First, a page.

I recently did a series of posts on how to convert a csv file into a sql file. You can see a summary here that will lead you to the other posts.

In that series I talked you through doing the import using HeidiSQL and then creating the sql file using phpMyAdmin, a process which is easy and straightforward to use. However, for those who like to use the MySQL command prompt, there is another way to go through this process, using the LOAD DATA INFILE command.

What you do is get to your MySQL command prompt and log in as root. Create the database and the tables using the same basic process I outlined before in my newbie tutorial about importing large sql dumps. In summary:

1. Create the database:

mysql> CREATE DATABASE database_name;

3. If this is done correctly with no typos, you will get a success statement to the effect:

Query OK, 1 row affected <0.00 sec>

4. Switch to the database you just created using the USE command.

mysql> USE directory_name;

You should see the text

Database Changed

Then create the table using the create table command:

CREATE TABLE “table_name”
(“column 1” “data_type_for_column_1”,
“column 2” “data_type_for_column_2”,
… )

Remember that you want your columns to correspond to the fields and data types in your csv file.

Once the database and table are created, you are ready to import your csv file. Remember that you can use this same process for any other kind of delimited file, whether it uses commas, semicolons, or other types of delimiters. To import the csv or other delimited file into MySQL, use the LOAD DATA INFILE command. This command has several options and things you need to consider. Here is the basic syntax:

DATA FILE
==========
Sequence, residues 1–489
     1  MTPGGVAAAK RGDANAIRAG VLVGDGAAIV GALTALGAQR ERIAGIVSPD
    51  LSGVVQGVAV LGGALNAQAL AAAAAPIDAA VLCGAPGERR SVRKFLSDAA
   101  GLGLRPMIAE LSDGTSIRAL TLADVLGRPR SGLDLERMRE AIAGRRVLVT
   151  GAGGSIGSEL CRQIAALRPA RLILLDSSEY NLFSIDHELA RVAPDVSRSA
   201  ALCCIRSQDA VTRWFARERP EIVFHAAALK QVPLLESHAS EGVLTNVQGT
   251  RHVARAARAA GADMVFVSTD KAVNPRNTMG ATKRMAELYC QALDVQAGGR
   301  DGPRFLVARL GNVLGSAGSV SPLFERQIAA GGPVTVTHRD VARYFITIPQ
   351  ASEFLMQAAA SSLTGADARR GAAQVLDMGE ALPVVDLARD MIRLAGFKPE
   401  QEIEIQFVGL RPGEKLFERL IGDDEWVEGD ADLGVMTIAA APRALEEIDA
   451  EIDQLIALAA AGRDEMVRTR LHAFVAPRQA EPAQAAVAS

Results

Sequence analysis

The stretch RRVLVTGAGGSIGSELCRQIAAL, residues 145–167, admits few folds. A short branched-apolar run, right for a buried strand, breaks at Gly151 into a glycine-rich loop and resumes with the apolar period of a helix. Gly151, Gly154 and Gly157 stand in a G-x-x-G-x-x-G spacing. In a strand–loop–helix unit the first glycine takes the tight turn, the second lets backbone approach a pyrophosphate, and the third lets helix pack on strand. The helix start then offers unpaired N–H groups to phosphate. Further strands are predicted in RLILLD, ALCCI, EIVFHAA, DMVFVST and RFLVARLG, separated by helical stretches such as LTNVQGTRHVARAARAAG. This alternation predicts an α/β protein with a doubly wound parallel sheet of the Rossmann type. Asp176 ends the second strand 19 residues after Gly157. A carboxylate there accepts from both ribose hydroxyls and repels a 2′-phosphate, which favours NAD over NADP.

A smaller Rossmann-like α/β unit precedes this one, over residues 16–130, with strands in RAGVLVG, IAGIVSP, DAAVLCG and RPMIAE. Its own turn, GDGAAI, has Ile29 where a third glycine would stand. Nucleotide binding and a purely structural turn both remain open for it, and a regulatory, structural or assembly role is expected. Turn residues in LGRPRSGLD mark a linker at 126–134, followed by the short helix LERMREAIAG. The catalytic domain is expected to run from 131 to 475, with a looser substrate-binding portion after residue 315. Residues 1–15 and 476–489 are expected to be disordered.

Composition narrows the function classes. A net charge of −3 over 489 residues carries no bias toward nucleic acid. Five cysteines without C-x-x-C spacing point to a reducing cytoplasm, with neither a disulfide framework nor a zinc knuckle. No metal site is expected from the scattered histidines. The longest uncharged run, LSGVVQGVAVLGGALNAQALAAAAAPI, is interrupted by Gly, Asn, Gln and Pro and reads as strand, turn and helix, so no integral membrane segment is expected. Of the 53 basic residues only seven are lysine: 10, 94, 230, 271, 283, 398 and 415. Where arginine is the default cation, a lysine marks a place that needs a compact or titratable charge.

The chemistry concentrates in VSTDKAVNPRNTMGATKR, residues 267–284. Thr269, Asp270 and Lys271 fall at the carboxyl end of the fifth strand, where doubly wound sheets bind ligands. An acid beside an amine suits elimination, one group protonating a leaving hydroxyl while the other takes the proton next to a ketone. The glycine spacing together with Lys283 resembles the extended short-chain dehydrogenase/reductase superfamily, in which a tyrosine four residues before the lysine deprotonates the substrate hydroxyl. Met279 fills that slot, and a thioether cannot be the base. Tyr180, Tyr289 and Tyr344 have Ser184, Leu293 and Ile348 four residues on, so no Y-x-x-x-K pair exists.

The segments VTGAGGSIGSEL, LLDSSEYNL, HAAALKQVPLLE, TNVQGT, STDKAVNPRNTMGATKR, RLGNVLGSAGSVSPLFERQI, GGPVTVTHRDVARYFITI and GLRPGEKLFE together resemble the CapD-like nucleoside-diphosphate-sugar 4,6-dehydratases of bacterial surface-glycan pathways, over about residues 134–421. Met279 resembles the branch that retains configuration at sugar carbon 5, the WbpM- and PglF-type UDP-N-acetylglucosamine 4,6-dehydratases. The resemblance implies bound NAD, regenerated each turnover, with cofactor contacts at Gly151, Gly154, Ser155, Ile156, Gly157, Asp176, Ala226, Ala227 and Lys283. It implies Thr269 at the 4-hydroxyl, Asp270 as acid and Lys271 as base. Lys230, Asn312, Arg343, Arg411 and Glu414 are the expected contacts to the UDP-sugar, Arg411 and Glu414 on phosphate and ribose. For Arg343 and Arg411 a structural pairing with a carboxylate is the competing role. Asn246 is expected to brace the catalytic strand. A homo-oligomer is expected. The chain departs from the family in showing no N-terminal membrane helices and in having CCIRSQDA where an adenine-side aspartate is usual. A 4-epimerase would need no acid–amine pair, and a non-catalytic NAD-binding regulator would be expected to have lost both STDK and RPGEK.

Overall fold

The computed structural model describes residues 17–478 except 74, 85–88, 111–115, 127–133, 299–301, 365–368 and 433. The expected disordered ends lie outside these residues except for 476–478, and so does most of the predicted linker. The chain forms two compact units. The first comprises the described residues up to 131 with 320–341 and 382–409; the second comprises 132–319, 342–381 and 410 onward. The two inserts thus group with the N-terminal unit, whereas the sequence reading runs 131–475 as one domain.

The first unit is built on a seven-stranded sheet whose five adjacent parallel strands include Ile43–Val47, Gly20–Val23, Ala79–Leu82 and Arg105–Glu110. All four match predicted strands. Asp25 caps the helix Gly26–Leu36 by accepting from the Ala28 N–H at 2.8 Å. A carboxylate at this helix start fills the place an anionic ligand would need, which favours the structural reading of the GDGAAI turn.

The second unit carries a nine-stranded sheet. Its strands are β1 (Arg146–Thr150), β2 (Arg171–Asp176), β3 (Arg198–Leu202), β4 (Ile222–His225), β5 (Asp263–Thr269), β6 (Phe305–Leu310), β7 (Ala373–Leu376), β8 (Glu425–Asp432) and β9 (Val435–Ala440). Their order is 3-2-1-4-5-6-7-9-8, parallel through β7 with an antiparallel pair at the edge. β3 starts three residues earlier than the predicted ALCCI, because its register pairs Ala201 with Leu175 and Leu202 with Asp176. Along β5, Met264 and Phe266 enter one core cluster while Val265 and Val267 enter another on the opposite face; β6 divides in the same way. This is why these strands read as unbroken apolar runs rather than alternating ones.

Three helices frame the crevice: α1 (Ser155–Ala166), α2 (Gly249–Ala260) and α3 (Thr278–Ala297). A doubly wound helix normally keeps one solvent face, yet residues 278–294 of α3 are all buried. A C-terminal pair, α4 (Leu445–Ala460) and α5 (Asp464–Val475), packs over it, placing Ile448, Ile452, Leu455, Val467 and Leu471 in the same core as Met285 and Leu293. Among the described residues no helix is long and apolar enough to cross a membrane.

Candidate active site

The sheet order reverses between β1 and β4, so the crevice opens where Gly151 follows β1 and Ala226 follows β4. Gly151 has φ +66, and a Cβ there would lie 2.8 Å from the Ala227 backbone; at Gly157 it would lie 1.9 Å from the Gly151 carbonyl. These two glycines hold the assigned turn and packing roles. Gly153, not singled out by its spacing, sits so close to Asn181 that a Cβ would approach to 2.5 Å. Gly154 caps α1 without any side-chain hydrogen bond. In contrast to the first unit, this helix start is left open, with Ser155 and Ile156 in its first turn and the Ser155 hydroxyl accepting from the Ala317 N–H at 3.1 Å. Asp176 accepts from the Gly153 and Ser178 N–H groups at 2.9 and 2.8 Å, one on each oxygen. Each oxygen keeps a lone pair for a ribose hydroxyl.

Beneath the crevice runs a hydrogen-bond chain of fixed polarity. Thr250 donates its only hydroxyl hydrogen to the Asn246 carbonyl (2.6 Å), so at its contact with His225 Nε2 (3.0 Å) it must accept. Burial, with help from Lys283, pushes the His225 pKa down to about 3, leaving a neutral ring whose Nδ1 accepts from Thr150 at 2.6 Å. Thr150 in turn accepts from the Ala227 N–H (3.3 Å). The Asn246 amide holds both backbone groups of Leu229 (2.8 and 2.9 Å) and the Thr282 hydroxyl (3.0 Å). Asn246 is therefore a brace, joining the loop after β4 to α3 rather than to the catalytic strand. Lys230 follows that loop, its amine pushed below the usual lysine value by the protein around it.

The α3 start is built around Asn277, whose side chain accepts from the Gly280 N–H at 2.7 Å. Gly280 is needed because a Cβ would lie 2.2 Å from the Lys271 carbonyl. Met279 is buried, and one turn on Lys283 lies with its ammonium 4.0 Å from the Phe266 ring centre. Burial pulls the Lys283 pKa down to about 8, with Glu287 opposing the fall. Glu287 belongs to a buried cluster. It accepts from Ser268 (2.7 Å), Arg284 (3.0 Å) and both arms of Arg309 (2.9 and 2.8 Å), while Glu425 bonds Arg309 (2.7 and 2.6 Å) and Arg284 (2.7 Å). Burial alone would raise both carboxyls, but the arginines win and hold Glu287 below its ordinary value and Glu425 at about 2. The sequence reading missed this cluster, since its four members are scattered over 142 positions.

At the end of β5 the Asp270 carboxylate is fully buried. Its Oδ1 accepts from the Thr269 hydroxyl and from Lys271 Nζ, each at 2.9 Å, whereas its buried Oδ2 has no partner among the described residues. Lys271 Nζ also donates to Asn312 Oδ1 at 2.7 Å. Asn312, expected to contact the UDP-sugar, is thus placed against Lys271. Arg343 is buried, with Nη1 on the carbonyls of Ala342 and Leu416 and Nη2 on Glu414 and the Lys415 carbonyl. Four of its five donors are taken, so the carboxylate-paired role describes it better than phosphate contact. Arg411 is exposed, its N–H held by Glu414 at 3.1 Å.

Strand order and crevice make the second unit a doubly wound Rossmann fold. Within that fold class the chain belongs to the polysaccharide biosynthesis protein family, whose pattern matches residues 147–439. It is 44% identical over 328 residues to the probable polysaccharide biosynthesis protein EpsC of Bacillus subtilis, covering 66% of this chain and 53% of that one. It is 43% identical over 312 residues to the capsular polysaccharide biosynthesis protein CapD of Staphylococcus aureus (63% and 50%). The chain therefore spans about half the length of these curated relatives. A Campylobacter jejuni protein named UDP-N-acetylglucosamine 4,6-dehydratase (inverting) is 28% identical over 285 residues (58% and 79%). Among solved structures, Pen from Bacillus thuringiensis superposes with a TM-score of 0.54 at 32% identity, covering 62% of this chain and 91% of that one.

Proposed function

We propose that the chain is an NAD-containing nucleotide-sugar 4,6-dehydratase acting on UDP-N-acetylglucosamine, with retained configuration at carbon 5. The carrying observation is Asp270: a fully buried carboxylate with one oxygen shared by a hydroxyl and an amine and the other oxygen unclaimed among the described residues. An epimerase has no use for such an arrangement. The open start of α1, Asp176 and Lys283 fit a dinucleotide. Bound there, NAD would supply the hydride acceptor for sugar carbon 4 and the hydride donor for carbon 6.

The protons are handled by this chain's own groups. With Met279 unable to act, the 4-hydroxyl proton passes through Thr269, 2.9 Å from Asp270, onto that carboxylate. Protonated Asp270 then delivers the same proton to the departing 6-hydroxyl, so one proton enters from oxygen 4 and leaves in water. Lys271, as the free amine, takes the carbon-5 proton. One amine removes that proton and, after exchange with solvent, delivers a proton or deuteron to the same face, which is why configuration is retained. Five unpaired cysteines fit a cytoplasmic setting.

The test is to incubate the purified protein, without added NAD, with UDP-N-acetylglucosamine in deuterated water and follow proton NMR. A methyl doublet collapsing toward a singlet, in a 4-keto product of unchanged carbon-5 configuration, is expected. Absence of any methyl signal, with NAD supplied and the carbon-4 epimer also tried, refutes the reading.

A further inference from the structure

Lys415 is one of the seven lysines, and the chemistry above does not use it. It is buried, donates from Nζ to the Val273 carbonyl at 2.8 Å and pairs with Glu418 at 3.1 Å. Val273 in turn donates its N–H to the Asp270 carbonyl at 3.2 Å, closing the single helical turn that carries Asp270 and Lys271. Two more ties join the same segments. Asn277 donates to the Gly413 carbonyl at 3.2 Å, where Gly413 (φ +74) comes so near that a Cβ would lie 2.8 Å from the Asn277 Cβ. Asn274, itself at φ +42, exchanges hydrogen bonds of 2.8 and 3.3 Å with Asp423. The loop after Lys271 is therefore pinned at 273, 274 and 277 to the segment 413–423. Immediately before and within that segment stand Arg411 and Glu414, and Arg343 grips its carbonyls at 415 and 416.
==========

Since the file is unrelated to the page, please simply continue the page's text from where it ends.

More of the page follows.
INTO TABLE tbl_name
[CHARACTER SET charset_name]
[TERMINATED BY ‘string’]
[ESCAPED BY ‘char’]
[STARTING BY ‘string’]
[TERMINATED BY ‘string’]
[SET col_name = expr,…]

This may look a little confusing, but it really isn’t. The stuff in square brackets [] is your options that are determined by your source and your data, and a lot of them may be optional and unnecessary. If you study the code carefully you will recognize a lot of the same options we encountered when using HeidiSQL to import the file, for example

[TERMINATED BY ‘string’]
[ESCAPED BY ‘char’]

for the example file that we used in the previous tutorials would be:


Does this look familiar? See if you can redo the process of importing the csv file that we went through in the tutorial but this time using the MySQL command line. This is a useful exercise because you may be faced with a situation where the command line is all you have. So have a go at it!

I recommend that you read up on the syntax of the LOAD DATA INFILE command at http://dev.mysql.com/doc/refman/5.1/en/load-data.html. This is for v.5.1, so if you are using a different version, please check to make sure the syntax is correct.

If you have any difficulties, questions, comments, or have noticed some errors in this tutorial please do leave a comment. I will greatly appreciate it!

Happy Coding!

About The Author


  1. thanks a lot for this information.. it realy helps somehow.. but i can’t understand it well.. can you give more specific examples..? plz.. thanks..
    my plan was to convert lots of rows and columns data in csv into SQL.. so i wander how could it be..?
    thank you in advance.. hope you’ll help me..

Leave a Reply